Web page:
The unions and the government are in dispute about how many civil servants went on strike
1 December 2011 Last updated at 04:28
The government and the unions are to attempt to resolve the dispute about changes to public sector pensions, which led to a widespread strike.
The main teaching unions will hold talks with the government on Thursday, while the health service unions will hold similar talks on Friday.
Cabinet Office minister Francis Maude said ministers are prepared to alter what is currently being offered.
Unions say more than two million workers took part in the strike.
David Cameron described the walkout by public sector workers on Wednesday as a “damp squib”, saying it failed to cause the level of disruption expected.
Unions oppose plans to make members pay more and work longer to earn pensions.
The BBC’s political correspondent, Iain Watson, says the Association of Teachers and Lecturers is hoping that the basis of a deal might be in place by early next year.
The government has said it will be flexible and look at legitimate concerns over the phasing in of the changes, our correspondent added.
Public services are now beginning to get back to normal after the biggest one-day strike since 1979.
The London Ambulance Service says it has resumed normal operations after it had to call in the police when it came under severe pressure during the strike.
At one point, during a surge in demand, only a half of the service’s vehicles were staffed and 100 people were waiting for an ambulance.
About two-thirds of state schools shut and thousands of hospital operations were postponed as a result of the industrial action, with the Trades Union Congress (TUC) calling it “the biggest strike in a generation”.
But ministers disputed the number of those who actually went on strike, putting it nearer to 1.2 million.
Mr Maude said the government’s “rigorous contingency planning” had “significantly” limited the impact of the strikes.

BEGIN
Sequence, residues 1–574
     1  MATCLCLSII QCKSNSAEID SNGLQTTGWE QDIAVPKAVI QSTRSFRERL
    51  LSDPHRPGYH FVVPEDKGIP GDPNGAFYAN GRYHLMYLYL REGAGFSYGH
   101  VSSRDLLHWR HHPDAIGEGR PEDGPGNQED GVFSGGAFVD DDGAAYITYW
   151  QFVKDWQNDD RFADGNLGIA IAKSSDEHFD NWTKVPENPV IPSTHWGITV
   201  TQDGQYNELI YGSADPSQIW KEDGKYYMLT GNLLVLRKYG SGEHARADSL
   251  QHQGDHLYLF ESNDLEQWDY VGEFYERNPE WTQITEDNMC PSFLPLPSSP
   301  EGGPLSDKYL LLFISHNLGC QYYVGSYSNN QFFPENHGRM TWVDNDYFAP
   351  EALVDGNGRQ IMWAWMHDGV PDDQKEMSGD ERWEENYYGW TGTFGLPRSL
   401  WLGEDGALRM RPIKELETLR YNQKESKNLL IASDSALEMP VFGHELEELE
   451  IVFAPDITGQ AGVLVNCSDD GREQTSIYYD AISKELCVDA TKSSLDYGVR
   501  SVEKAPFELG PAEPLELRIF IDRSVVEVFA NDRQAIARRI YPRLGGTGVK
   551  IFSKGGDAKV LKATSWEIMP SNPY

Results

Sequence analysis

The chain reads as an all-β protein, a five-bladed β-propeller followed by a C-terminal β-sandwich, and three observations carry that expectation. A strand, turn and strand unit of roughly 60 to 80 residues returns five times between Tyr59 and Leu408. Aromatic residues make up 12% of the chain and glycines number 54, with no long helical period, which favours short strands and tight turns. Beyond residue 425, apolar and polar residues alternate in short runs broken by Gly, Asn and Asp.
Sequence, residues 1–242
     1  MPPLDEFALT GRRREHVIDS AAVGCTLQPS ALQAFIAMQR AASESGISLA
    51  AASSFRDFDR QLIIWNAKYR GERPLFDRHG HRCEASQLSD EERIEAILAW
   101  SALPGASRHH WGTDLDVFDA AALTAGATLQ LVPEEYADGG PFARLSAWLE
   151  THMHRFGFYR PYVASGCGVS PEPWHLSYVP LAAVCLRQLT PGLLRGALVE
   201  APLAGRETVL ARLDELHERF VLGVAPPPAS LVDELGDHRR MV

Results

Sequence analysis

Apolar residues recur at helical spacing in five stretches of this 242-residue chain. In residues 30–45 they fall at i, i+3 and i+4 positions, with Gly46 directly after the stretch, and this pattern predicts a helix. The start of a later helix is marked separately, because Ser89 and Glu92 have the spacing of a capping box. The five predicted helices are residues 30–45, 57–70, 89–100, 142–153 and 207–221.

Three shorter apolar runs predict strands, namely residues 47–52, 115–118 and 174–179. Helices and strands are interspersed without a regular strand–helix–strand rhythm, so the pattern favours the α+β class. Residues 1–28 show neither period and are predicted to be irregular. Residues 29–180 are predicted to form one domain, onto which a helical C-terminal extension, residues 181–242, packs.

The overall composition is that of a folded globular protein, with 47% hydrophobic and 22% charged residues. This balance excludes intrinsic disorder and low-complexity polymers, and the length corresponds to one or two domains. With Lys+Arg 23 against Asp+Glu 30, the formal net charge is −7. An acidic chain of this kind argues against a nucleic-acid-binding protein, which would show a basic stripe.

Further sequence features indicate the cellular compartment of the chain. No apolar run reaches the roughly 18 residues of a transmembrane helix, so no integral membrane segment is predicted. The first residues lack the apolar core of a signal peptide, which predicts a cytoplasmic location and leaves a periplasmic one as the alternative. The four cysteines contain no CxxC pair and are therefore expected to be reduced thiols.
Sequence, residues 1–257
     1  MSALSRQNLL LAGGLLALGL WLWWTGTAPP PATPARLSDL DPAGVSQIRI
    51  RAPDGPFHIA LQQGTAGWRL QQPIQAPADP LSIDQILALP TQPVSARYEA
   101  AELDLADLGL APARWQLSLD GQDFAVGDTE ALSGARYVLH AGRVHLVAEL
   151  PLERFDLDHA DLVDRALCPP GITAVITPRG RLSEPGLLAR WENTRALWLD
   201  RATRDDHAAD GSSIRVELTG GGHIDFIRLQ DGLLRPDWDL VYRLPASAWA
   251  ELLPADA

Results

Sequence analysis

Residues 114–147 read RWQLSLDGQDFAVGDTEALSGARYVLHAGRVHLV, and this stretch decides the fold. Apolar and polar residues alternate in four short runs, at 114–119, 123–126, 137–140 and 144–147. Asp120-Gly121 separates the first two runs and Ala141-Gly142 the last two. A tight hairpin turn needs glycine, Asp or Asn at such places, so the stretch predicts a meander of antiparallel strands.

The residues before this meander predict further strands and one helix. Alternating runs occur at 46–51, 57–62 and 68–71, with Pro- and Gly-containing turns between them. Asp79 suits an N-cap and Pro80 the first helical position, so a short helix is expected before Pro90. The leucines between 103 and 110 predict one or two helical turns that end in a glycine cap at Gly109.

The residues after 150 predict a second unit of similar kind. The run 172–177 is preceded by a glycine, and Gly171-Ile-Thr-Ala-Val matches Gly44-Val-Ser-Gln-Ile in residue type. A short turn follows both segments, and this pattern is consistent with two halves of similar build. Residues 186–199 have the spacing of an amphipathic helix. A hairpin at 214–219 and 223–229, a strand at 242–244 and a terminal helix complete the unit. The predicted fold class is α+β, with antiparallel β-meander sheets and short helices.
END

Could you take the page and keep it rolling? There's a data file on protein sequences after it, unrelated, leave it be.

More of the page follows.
“[The] strike was inappropriate, untimely and irresponsible, especially while talks are continuing,” Mr Maude said. “Responsibility for any disruption lies squarely with union leaders.
“We now know that in the health service only approximately 79,000 staff have not been at work, which means that 85.5% of staff in NHS Trusts, Foundation Trusts, Ambulance Services and NHS Direct actually turned up.”
He also said that the county’s border controls had operated “effectively with minimal disruption to those travelling”.
The Cabinet Office said that “significantly less than a third” of civil servants – 146,256 out of a total of 489,000 – took part in strike action.
But the general secretary of the Public and Commercial Services Union, Mark Serwotka, accused the government of lying about the number of civil servants who went on strike.
“The idea they could get that figure [of 146,256] within five hours is laughable,” he said.
Brendan Barber, general secretary of the TUC, said the government had put the public sector “under attack” and that the strike was fully justified.
“There comes a time when people really have to stand up and make a stand,” he told ITV.
“With the scale of change the government are trying to force through, making people work much, much longer and get much, much less, that’s the call people have made.”
Neil Clarke, a union organiser with Unite, said: “The government is attacking our pension schemes. They are looking for public sector workers to contribute more, work longer and receive less in pension benefits.
“The average public sector pension comes in at £3,000 a year. Could you live on £3,000 a year?”
As hundreds of rallies were held in cities and towns across the UK on Wednesday, the TUC estimated that 30,000 protesters had turned out in Birmingham and some 25,000 in London.